KBCP Framework: A Better Way to Learn Study Skills

Nov 3, 2022 

Gregory has an AP Bio test on Friday. He wants to do well, so he considers planning out some study time throughout the week and creating some mnemonic devices to remember the process of photosynthesis, but he just ends up rereading his notes the night before. It doesn’t work. Despite devoting a few hours to studying, Gregory only manages to score a B+ on the test. 

Students like Gregory have probably heard about study skills off and on throughout elementary and middle school. Maybe they even practiced them in class or used them a few times if a teacher or parent demanded it. In the end, though, they fall back on what they’re used to. The KBCP Framework, a method of teaching study skills proposed by Mark McDaniels and Gilles Einstein, aims to break that pattern. Keep reading to learn more about the KBCP Framework, including what it is, how to use it, and why it’s more effective than traditional study skills.

What is the KBCP Framework?

Recent research on the effectiveness of teaching study skills suggests that giving students information about study skills is not enough to improve outcomes. In order for study skills to work, students have to believe they work and to commit to using them. Otherwise, as a recent survey of middle and high school students revealed, students will end up choosing rereading as their primary study strategy. The KBCP Framework doesn’t just teach study skills, it gives students a reason to use them and a plan to make them part of their study plans.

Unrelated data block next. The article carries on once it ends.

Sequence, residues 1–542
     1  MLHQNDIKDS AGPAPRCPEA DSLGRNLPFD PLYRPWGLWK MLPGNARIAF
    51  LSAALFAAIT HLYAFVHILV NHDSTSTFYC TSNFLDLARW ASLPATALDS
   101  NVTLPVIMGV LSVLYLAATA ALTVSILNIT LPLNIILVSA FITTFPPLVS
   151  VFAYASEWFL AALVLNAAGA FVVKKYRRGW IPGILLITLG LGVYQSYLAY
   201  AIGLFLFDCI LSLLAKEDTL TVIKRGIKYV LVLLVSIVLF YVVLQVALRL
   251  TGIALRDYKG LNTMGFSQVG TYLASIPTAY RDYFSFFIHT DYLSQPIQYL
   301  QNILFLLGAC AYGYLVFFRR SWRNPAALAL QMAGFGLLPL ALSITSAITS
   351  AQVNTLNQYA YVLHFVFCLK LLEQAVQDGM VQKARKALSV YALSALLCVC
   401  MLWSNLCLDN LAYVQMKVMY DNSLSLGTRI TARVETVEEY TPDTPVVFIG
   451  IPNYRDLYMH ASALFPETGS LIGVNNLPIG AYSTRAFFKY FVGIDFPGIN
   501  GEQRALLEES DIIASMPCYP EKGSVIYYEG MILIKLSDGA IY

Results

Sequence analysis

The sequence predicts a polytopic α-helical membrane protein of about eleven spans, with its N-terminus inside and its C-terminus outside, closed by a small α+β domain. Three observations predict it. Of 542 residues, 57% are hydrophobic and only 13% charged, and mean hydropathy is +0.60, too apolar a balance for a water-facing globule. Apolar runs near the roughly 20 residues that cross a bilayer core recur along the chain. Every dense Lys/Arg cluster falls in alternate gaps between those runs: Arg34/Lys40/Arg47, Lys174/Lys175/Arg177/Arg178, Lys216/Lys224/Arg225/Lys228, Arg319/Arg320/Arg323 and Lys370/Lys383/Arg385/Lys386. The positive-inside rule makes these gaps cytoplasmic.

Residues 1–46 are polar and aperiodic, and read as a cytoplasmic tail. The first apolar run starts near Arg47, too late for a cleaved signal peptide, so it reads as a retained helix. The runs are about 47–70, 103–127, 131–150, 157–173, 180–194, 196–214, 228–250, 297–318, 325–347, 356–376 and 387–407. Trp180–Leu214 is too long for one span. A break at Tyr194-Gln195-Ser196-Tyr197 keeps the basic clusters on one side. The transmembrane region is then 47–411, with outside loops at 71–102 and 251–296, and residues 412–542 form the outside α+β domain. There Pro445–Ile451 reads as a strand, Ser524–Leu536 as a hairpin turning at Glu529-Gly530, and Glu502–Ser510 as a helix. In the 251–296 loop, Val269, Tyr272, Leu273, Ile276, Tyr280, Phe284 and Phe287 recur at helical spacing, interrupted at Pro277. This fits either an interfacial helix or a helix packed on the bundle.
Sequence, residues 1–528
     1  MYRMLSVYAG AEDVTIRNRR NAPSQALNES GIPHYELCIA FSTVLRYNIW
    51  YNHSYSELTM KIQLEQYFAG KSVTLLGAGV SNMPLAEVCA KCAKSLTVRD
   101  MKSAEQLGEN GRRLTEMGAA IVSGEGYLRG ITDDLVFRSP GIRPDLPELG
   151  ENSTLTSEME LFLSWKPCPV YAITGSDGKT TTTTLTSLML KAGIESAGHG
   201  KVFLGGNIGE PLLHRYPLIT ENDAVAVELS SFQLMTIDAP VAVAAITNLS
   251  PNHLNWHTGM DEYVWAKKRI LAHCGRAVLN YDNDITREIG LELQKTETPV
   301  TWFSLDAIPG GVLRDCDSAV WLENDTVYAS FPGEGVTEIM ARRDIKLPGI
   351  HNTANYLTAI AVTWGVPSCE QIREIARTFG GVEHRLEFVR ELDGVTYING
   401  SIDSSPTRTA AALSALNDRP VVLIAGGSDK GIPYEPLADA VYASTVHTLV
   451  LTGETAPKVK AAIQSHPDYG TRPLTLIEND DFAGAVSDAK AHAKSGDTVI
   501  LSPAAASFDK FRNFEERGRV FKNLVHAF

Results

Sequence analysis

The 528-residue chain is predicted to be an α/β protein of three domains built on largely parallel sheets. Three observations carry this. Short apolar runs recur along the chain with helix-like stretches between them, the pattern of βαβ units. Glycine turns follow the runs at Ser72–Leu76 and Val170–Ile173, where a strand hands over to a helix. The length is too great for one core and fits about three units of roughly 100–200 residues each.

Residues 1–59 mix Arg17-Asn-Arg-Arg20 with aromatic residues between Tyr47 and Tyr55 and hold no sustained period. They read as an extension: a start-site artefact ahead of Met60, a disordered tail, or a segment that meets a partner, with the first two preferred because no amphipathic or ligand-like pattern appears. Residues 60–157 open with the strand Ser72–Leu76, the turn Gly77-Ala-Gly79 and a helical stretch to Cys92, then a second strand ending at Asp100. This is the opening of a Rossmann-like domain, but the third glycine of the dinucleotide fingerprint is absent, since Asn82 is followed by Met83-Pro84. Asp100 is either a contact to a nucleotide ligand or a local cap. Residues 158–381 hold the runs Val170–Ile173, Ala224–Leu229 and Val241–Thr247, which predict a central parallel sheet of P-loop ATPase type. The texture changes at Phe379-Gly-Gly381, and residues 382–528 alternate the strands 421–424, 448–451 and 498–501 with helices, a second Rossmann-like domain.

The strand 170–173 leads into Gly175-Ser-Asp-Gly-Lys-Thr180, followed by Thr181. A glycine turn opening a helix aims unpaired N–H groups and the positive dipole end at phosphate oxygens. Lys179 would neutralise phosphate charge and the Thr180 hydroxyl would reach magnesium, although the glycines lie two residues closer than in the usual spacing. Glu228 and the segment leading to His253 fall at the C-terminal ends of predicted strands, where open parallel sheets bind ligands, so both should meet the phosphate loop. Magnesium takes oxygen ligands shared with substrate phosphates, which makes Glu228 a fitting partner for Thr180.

How do I teach the KBCP Framework?

One of the things that stands out about the KBCP Framework is that it can be customized to fit your needs. Andrew Watson from Learning & the Brain, an organization that helps educators improve instruction by applying evidence-based practices, explains how the KBCP Framework isn’t “a to-do list—a set of instructions to follow.” What the KBCP Framework offers instead is guidance that teachers (or anyone else who wants to improve their study skills) can adapt to meet students’ unique needs whether they are fourth graders or college freshmen. 

So, to teach the KBCP Framework, all you need to do is work your way through each component:

  • Knowledge: Describe a strategy to students, explain why it’s effective, and show them how to apply it. At this stage, students can use the strategy and understand how it works, but probably won’t use it on their own because they don’t think it will work for them.
  • Belief: Encourage students to believe the skill will work for them by conducting a “participatory demonstration” in which students experiment with using a familiar strategy and the new one in order to experience and appreciate for themselves how the new strategy is better. Reflection is a big part of this step, so make sure you debrief with students to discuss their results.
  • Commitment: At this point, students understand the strategy and believe it will work for them, but it’s still not enough to motivate them to give up old habits. This step is perhaps the most challenging one because you have to help students reflect on how using the strategy will pay off and help them achieve their goals. Students should ultimately commit to using the strategy in a new context (e.g. another class, to complete a separate task).